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Tales from Tawa: The Black Death

…Many think it started with the arrival of the steamer Niagara which berthed in Auckland on 12 October 1918. It is true some of those on board were suffering from influenza; however records show they were suffering from no more than the first mild strain already doing the rounds in Auckland. Despite this, there is still the possibility the virus did indeed arrive on the Niagara…

Eve-Marie Wilson tells how New Zealand was caught up in the worst pandemic to sweep the world since the 14th Century plague.

During November 2008 the New Zealand media reported on events held to mark the 90th anniversary of the signing of the World War 1 armistice. Nowhere was there any mention this date also marked the 90th anniversary of the 1918 influenza pandemic, responsible, during the three months in which it raged, for killing half as many New Zealanders as were killed during the four years of the war. No other event has killed so many New Zealanders in such a short space of time.

It is acknowledged the first and milder wave of the pandemic originated in America and was brought to France by soldiers sent to fight in the trenches. From there it spread throughout Europe rapidly mutating into the more deadly strain of the pandemic.

There has always been controversy as to how the disease arrived in New Zealand. Many think it started with the arrival of the steamer Niagara which berthed in Auckland on 12 October 1918. It is true some of those on board were suffering from influenza; however records show they were suffering from no more than the first mild strain already doing the rounds in Auckland. Despite this, there is still the possibility the virus did indeed arrive on the Niagara and once in New Zealand mutated as it did on its arrival in Europe. Nevertheless, it could have quite as easily arrived on any of a number of ships, with influenza on board, berthed in NZ about that time.

By the end of October the illness had spread over the whole of Auckland and days later the whole country had succumbed. Along with the rest of the world New Zealand was faced with the worst pandemic since the plague in the 14th century.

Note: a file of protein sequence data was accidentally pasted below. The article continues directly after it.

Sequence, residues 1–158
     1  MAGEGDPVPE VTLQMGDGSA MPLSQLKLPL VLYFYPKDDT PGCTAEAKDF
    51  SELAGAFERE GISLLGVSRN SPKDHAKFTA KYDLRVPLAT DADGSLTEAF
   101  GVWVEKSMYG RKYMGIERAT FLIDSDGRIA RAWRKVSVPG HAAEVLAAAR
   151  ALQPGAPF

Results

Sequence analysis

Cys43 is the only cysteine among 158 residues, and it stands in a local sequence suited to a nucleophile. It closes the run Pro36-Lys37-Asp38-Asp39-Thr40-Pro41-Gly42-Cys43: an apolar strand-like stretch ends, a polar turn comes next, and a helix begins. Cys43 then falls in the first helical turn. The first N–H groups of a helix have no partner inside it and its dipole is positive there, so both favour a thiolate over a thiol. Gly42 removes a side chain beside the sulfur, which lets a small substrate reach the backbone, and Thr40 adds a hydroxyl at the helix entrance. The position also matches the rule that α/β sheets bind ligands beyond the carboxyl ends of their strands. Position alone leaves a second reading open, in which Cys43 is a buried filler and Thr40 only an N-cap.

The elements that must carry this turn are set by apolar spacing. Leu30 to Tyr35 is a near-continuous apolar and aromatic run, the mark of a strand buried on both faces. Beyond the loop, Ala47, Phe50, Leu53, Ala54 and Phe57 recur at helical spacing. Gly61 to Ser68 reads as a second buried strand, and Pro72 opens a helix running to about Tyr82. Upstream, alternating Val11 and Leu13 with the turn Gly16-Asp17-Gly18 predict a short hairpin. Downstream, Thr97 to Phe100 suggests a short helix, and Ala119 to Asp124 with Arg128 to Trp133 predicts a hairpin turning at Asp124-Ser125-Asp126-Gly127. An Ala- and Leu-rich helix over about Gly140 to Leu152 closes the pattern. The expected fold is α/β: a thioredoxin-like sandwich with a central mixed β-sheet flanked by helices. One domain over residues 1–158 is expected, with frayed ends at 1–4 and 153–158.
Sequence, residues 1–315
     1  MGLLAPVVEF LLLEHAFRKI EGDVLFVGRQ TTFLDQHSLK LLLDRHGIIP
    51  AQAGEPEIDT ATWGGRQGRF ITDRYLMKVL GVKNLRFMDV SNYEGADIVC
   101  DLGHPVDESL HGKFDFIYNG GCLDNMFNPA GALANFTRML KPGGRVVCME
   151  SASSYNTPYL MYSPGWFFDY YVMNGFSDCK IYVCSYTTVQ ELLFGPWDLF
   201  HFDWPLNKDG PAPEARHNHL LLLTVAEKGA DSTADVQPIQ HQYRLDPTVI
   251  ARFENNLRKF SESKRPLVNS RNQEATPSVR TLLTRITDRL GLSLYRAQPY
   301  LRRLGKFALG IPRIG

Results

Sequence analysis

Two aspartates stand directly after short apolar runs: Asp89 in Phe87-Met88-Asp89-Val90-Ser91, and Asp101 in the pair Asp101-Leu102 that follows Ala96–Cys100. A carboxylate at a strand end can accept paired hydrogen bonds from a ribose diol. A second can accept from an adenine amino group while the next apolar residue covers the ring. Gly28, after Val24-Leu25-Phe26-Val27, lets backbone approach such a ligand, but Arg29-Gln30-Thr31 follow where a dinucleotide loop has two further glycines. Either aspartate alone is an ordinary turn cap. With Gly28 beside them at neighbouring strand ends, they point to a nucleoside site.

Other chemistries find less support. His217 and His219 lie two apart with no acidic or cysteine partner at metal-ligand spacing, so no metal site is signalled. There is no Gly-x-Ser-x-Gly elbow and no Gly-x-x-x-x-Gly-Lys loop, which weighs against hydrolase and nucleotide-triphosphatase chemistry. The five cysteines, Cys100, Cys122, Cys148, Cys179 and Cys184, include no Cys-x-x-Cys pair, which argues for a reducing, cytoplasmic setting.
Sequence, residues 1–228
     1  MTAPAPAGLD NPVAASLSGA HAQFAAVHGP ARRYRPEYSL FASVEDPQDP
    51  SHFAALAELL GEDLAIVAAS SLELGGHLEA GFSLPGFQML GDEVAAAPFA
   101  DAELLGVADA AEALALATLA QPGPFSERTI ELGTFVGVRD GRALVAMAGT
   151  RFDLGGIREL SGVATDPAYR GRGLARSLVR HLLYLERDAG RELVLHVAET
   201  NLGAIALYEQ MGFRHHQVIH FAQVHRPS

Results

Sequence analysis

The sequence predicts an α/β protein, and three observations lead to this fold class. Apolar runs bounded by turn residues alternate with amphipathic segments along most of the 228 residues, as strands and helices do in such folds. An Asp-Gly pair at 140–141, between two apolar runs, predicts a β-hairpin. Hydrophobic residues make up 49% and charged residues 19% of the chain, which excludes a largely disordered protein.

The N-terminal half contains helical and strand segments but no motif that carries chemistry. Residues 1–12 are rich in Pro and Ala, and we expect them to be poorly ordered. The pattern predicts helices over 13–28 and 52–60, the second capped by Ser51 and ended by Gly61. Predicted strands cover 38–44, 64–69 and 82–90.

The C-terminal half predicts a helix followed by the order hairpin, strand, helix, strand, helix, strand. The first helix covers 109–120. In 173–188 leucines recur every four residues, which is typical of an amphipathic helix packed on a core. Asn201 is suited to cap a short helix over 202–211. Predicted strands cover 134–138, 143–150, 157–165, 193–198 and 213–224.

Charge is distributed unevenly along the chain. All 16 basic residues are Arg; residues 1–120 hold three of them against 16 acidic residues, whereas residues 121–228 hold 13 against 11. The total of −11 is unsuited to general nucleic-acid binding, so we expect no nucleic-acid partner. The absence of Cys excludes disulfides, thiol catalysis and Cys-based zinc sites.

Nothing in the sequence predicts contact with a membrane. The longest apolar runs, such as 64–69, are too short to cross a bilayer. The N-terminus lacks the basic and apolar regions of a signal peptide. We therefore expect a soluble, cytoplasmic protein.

The Medical authorities were astonished at both the pace with which the virus spread and the speed it struck down its victims. Some collapsed at work or in the street. Fit, robust young men often died within days of getting the first symptoms. In fact, men aged in their early 30s seemed especially susceptible, further exacerbating the imbalance of the sexes created by the war. In some instances whole families succumbed. Soldiers who arrived home from the war expecting to be greeted by their loved ones instead arrived to find them dead. Adults seemed to be more easily infected than children with the result many were left orphans. Often both parents were ill at the same time, their children having to take care of them. There are documented instances of children arriving at the undertaker's to arrange burials for their parents, there being nobody left to do this. Parents of very young children were reliant on help from friends and neighbours. The tale is told of one young woman who was driven mad from having to lie next to her dead husband for days before help arrived.

The symptoms experienced were unlike any ordinary influenza. Severe pains and fever were followed by delirium and breathing difficulty leading to pneumonia, then almost certain death. Nose bleeds and loss of hair were also common. Doctors and nurses learned to recognise that death was imminent by the purple hue the skin took on caused by the pneumonia depriving the blood of oxygen. After death this discolouration became worse with the victim often turning completely black. For this reason it was often termed, ‘The Black Flu.’